For immediate Release: August 2009
Entrepreneur comes home
By Jeri Packer
The Downriver VOICE• August 26, 2009
(Excerpts from the article as published August 26, 2009):
The old Vogel Industries building on Degurse Avenue will soon be turning out products used by performers on stages across the country.
The new Marine City business is due to former local, Bob Klingler, who recently decided to return to his hometown.
Bob and Sara Klingler own Rockford Carving Company, a 20-year-old enterprise that manufactures guitar components for Gibson, CF Martin, Fender, and other well-known names in the guitar industry. The move opens up an opportunity to provide up to 25 new jobs next year.
From about age 8 until he graduated from high school, Bob Klingler worked at the family cattle farm in Cottrellville Township on weekends. At 18, he left Long Lane Farm and the St. Clair River he grew to love to pursue his education and career goals, settling in Rockford, Ill. - until now.
"After a while, you just want to go home," he said.
The Economic Development Alliance worked with Klingler in finding and securing the 52,000 sq.ft. facility, located in the Marine City industrial district. David Haynes, Director of Business Attraction for the Economic Development Alliance of St. Clair County said, "We are pleased to be of assistance to Rockford Carving and appreciate the decision of Mr. and Mrs. Klingler to relocate their growing company in this unique business to our community. It is another example of important non-automotive diversification of our economy."
Blue Water Small Business Concierge Scott Beedon, who also assisted in the company's transition, agreed that Rockford Carving provided a unique and fascinating service.
"There's a cool element in that it's the entertainment business," he said. "They're not just punching out a part for a Ford Focus. The parts that Judy (White) and I saw were these intricate parts like mother of pearl cut-outs for the Gibson logo."
While 25 new jobs might not seem like a lot, Marine City Chamber of Commerce President Judy White said the new company was still a real boost for the city.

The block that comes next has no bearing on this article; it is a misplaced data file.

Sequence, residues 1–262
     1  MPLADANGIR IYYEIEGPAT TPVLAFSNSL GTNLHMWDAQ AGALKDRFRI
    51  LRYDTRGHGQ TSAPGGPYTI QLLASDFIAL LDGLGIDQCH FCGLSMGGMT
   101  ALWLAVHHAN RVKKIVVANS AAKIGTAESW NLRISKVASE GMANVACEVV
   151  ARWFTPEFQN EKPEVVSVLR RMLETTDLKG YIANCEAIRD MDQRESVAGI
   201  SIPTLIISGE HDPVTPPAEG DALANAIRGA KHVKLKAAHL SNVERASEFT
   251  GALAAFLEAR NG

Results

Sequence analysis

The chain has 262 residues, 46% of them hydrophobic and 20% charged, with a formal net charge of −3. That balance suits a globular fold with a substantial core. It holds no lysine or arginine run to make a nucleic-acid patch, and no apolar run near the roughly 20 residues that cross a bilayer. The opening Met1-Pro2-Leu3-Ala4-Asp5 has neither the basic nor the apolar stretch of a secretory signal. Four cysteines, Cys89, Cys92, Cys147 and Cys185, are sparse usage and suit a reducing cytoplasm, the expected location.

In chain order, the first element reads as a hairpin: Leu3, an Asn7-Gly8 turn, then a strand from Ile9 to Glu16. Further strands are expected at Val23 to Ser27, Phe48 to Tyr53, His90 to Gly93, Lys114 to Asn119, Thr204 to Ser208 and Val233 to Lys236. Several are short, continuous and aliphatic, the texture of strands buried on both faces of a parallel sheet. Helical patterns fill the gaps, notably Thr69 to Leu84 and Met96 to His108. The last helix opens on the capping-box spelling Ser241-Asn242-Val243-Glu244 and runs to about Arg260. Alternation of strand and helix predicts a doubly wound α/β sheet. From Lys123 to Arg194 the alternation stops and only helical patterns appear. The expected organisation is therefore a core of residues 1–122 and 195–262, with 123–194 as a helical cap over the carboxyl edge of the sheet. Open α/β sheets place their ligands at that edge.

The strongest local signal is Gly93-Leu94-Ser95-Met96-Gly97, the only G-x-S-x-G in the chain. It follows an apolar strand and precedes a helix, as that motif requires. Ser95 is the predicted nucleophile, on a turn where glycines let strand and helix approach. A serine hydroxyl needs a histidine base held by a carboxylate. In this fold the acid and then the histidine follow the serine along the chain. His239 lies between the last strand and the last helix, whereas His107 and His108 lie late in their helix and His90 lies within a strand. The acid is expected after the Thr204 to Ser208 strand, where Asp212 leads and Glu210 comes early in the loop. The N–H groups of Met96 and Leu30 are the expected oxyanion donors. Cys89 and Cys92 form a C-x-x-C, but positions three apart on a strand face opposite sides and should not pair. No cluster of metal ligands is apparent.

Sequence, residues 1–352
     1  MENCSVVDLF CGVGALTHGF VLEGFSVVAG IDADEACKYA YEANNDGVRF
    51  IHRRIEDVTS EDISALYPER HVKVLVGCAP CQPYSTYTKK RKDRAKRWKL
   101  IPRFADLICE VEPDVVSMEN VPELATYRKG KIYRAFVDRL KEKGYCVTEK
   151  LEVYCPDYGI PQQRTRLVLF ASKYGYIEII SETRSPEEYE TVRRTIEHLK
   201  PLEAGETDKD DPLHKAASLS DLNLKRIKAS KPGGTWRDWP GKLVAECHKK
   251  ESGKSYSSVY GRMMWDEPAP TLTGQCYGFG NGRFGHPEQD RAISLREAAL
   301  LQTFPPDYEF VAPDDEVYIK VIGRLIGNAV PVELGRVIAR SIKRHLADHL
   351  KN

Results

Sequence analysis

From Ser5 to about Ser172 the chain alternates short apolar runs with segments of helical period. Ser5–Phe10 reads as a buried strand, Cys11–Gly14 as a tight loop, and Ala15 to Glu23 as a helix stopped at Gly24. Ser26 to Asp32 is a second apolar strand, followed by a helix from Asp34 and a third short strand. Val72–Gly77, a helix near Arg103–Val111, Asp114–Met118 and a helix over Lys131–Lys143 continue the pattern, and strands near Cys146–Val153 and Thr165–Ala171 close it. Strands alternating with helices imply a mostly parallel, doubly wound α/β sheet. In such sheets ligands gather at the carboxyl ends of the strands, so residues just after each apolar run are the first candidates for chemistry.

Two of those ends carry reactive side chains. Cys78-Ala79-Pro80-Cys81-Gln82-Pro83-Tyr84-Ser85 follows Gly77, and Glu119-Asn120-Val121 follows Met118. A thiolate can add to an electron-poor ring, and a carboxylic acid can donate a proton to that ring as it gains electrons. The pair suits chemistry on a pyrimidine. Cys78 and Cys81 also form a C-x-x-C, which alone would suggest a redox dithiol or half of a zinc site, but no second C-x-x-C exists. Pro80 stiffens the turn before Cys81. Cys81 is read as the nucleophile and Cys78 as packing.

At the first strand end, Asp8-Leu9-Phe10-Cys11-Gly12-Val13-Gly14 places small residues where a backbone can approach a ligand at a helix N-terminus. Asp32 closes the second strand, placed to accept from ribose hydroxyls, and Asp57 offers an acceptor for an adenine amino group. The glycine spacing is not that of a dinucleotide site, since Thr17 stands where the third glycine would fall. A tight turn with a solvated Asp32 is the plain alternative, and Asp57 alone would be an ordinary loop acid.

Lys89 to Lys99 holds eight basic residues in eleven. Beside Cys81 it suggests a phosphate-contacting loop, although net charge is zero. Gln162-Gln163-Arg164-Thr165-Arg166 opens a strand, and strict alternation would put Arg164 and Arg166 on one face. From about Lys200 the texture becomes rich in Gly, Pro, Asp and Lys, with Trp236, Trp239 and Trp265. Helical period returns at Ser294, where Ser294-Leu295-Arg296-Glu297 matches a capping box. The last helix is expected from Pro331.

"This is really a major development for Marine City because property on Degurse has done nothing but decline for the last several years," she said. "Businesses are folding up and leaving right now. This is a reversal of the trend. Now we've got an important corporation moving in that is also going to employ some people there."
Marine City Manager John Gabor said, "It would be nice if it was 250 jobs, but we don't have buildings big enough to supply that kind of work force. If they create 10 jobs for 10 people that didn't have work as opposed to those waiting for a plant promising hundreds of jobs that aren't coming through. I'll take the 10 and 20-job companies all day long."
Rockford Carving moved in June 20 and started shipping parts last week. Klingler used skilled craftsmen to form, cut, and inlay intricate wood and shell pieces into miniature works of art, including head veneers, fingerboards, mother of pearl inlays, ebony and rosewood bridges, and brass and die cast hardware. Job-seekers can apply at the shop at 837 Degurse Avenue.
The Klinglers built up their business in Rockford, Ill., until there was no more room to grow. That's when they began considering a move back to Marine City.
"We decided that if we are going to move somewhere else, why don't we move to Marine City near the farm where I spent my childhood?" he said.
The entrepreneurs are here to stay. They just purchased a home in Marine City and are enjoying waterfront walks with their rat terrier, Jack, in the evenings.
"A big reason we came back is that I'm so fond of the river," Klingler said.
He recalled fishing, boating, and water skiing adventures, campfires on the beach and watching the freighters in the days of his youth.
"You can't make up memories like that," he said.
Rated "WORLD CLASS MANFACTURER" © Rockford Carving 2016